But Dieng is picking up the culture nearly as quickly as he picked up the language. When asked about Dieng, Smith smiled.
"Gorgui's, obviously, he's African, but he's pretty much American now, with the stuff he watches and what he does," Smith said. "Gorgui was always, like, a one-dimensional guy. If the TV was on, he only wants to watch TV, he doesn't want to listen to music while being on the phone while watching TV. Now, the TV's on mute watching the game, then we have the iPad watching something on YouTube while he's on his phone while music is playing in the background. So Gorgui can pay attention to six things at once. I think it's pretty cool. Gorgui's, like, really American now."
Dieng is an X-factor in the Duke game. He didn't play when Duke edged Louisville in the Bahamas in November. And he played one of his better games of the season against Oregon in the Sweet 16. Twice the Cards simply fed him the ball in the low block and he turned and scored with impressive moves. He has not been a traditional post-up scorer all season, but in that game, showed it could be a dangerous part of his game.
Mainly for the Cards, he brings an immense knowledge of how their defense works. He's constantly talking and shifting teammates in the Cardinals' zone. Earlier this season, after Dieng returned from a broken wrist, Pitino admittedly played him too many minutes, because he was afraid to take him off the court. Though Dieng is not a bruising big man, he brings the Cards toughness on the interior nonetheless. But his brand of toughness is, of course, something different.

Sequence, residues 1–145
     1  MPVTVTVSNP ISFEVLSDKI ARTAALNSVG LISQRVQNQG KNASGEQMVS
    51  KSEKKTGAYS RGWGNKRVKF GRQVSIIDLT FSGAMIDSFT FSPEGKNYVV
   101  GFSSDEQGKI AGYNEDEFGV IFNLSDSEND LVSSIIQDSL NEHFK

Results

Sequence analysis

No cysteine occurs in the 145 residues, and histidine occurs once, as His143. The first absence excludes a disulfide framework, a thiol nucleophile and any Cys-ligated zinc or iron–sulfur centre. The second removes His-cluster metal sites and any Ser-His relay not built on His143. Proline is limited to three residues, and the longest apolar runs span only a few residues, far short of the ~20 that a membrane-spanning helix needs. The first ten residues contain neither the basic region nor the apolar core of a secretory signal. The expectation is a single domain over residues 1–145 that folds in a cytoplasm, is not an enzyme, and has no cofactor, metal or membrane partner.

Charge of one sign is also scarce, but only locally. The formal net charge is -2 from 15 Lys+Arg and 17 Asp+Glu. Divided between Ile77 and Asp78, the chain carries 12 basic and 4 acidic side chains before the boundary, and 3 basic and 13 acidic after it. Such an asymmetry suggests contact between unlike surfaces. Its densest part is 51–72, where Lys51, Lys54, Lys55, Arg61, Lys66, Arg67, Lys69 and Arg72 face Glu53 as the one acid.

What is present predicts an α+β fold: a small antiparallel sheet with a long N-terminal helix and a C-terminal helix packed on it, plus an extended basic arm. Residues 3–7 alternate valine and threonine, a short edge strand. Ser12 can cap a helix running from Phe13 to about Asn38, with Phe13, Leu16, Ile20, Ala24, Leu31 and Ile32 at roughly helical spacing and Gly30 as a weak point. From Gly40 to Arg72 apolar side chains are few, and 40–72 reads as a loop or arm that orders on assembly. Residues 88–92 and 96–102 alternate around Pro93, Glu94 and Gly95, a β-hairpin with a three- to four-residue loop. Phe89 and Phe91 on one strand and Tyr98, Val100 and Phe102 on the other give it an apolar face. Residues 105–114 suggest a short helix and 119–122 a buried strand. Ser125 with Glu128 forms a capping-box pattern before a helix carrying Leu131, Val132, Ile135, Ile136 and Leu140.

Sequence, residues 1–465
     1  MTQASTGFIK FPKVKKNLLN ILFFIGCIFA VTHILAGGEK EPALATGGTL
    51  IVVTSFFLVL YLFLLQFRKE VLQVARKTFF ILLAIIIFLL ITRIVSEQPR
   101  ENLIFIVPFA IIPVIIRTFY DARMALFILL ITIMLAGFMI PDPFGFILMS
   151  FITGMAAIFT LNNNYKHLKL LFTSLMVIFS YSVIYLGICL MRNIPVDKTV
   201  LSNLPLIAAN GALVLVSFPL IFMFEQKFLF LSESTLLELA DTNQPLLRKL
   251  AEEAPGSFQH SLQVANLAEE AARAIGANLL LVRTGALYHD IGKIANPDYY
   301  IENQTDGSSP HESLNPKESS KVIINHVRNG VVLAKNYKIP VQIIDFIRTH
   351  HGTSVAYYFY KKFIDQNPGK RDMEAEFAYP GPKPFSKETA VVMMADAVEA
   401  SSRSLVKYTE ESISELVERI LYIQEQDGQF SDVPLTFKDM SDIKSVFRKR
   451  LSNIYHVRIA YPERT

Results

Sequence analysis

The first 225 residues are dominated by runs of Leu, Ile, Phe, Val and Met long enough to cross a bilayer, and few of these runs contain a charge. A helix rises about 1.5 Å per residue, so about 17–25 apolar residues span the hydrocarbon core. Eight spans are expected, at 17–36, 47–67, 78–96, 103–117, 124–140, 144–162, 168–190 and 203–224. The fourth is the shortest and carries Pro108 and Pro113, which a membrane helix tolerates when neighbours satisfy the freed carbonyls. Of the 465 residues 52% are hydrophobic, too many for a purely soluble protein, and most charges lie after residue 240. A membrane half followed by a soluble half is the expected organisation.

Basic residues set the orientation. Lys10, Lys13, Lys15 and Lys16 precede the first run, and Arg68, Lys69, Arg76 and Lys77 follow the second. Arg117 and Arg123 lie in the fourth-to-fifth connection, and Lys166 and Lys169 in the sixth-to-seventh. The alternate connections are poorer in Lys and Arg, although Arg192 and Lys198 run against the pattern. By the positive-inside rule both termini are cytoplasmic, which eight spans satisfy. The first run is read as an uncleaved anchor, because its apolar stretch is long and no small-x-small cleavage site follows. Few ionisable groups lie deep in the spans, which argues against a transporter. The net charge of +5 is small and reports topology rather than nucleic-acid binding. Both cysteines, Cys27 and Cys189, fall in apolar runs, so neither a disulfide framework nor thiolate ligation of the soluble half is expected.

"Toughness is not fighting on the court or shoving people," Dieng said. "Toughness is helping your team win. Toughness is when my teammates are down, helping them up. If I see Chane (Behanan) didn't have a good game, I talk to him and try to bring him back into the game. I don't think toughness is fighting on the court, talking trash, nothing like that. I think you are tough when you can help your team win and stop your opponent. Taking charges is toughness, blocking shots, rebounding the ball, stuff like that. Talking trash has nothing to do with toughness. When I am playing against someone and he is on the floor, I can help him up. He is not going to change the score. It is a thing people need to understand. People have the wrong idea of being tough."
Smith is as tough as they come. He's averaging 27 points a game in the NCAA Tournament. Every team U of L has faced came into it with the idea of containing Smith. It's hard to contain someone who is on the edge of the control envelope. In the biggest situations, Smith is taking, and usually making, the biggest shots.
But he has become so tuned into scouting reports that he no longer is a liability. He's not taking bad shots. He'll take some crazy ones at the end of the shot clock, but he's the player Pitino wants with the ball at the end of the shot clock. That's his job. And shots that look crazy to many also are shots he can make.